Pontcysyllte Aqueduct World Heritage Site

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The Aqueduct as viewed from the little stone bridge upstream

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The little stone bridge upstream, as viewed from the top of the Aqueduct

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Pontcysyllte [Pont-ker-sulth-tay]  is the tallest navigable aqueduct in the world and carries the Llangollen canal high up over the Dee Valley.  It was given World Heritage status in 2009.  Thomas Telford and William Jessop worked on the design.  They were the greatest canal engineers of their day.  

The aqueduct comprises a cast iron trough mounted on stone pillars, spanning the valley 126 feet above the river.  It is 307 metres [1007 feet] long and has 18 piers, 39 metres [126 feet] high, and 19 arches, each with a 13.7 metres [45 feet] span.  It is fed by water from the Horseshoe Falls near Llangollen, and holds 1.5 million litres of water.  Each year the aqueduct is crossed by more than 15,000 boats and 200,000 pedestrians.  It is an adventure to be experienced by all.  

When I was there last week the sky was blue and Autumn had begun to appear, but it was very windy high up on the aqueduct.  I managed to walk halfway across and then had to steady myself against the railings in order to get the photograph of the little stone bridge spanning the river upstream. [There are only railings on one side and a narrow parapet for pedestrians.  Then the trough that carries the canal, then nothing – just a great big drop 126 feet down!!]

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The Weeping Window of Poppies

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Poppies: Weeping Window is a cascade comprising several thousand handmade ceramic poppies seen pouring from the ramparts  to the ground below, originally part of the display at the Tower of London in 2014.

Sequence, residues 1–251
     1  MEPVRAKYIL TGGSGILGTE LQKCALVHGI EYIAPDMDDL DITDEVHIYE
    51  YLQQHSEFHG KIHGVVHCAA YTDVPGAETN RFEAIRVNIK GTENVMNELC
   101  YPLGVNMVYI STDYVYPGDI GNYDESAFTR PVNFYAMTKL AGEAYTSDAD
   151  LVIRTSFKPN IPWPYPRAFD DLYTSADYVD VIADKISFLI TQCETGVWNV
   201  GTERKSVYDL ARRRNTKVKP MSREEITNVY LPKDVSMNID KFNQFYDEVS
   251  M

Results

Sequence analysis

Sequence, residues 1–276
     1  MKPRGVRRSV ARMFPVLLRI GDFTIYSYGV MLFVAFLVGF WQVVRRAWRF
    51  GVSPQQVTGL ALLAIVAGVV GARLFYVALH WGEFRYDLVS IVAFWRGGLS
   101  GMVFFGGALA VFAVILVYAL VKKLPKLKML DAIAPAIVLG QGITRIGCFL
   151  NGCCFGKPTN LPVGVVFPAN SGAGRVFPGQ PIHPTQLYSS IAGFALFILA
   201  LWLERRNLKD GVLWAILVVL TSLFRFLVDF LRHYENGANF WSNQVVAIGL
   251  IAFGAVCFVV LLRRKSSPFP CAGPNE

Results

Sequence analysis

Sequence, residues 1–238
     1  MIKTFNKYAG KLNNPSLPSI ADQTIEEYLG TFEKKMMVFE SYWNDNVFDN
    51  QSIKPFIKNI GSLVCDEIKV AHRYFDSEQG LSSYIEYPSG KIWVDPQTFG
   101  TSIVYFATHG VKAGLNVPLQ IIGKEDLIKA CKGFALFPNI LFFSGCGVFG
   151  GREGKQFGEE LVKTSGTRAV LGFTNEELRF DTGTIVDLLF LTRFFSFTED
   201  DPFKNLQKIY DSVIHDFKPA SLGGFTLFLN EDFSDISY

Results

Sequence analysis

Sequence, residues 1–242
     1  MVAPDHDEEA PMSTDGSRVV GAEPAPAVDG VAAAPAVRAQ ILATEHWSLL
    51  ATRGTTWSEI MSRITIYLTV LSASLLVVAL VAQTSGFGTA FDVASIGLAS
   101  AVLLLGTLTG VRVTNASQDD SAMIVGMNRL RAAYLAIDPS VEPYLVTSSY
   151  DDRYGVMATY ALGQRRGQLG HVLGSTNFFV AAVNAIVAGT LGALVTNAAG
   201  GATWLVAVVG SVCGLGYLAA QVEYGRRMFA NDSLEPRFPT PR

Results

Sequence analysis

It can be viewed at Caernarfon castle in North Wales until 20th November 2016 – the first venue in Wales to host the sculpture, to mark the centenary of the First World War.

A UNESCO World Heritage Site since 1986, Caernarfon Castle, built by Edward I in 1283, is under the guardianship of Cadw, the historic environment service of the Welsh government. [Cadw is the Welsh verb ‘to protect’]

The Wales for Peace Project explores the question: “In the hundred years since WW1, how has Wales contributed in the search for Peace?”

Harlech Castle, North Wales

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Harlech Castle is located at Harlech, in Gwynedd, North Wales.  The mediaeval fortress was constructed by King Edward I towards the end of the thirteenth century, as part of his ‘Iron Ring’ of castles, built around North Wales to subdue and conquer the Welsh.

The castle was built on the top of a cliff, close to the Irish sea, and was virtually impregnable.  The sea originally came much closer to Harlech than in modern times, and a water-gate and a long flight of steps leads down from the castle to the former shore, which allowed the castle to be resupplied by sea during sieges. 

The castle ruins are now managed by Cadw, the Welsh Government’s historic environment service, as a tourist attraction.

Along with Caernarfon Castle, Conwy Castle and Beaumaris Castle, this monument has been part of the Castles and Town Walls of Edward 1 World Heritage Site since 1986.

“Men of Harlech”, the nation’s unofficial anthem, loved by rugby fans and regimental bands alike, is said to describe the siege which took place here during the War of the Roses, wherein a handful of men held out against a besieging army of thousands. [The Wars of the Roses were a series of wars for control of the throne of England. They were fought between supporters of two rival branches of the royal House of Plantagenet, those of Lancaster and York. The name Wars of the Roses refers to the heraldic badges associated with the two royal houses, the White Rose of York and the Red Rose of Lancaster. Wikipedia]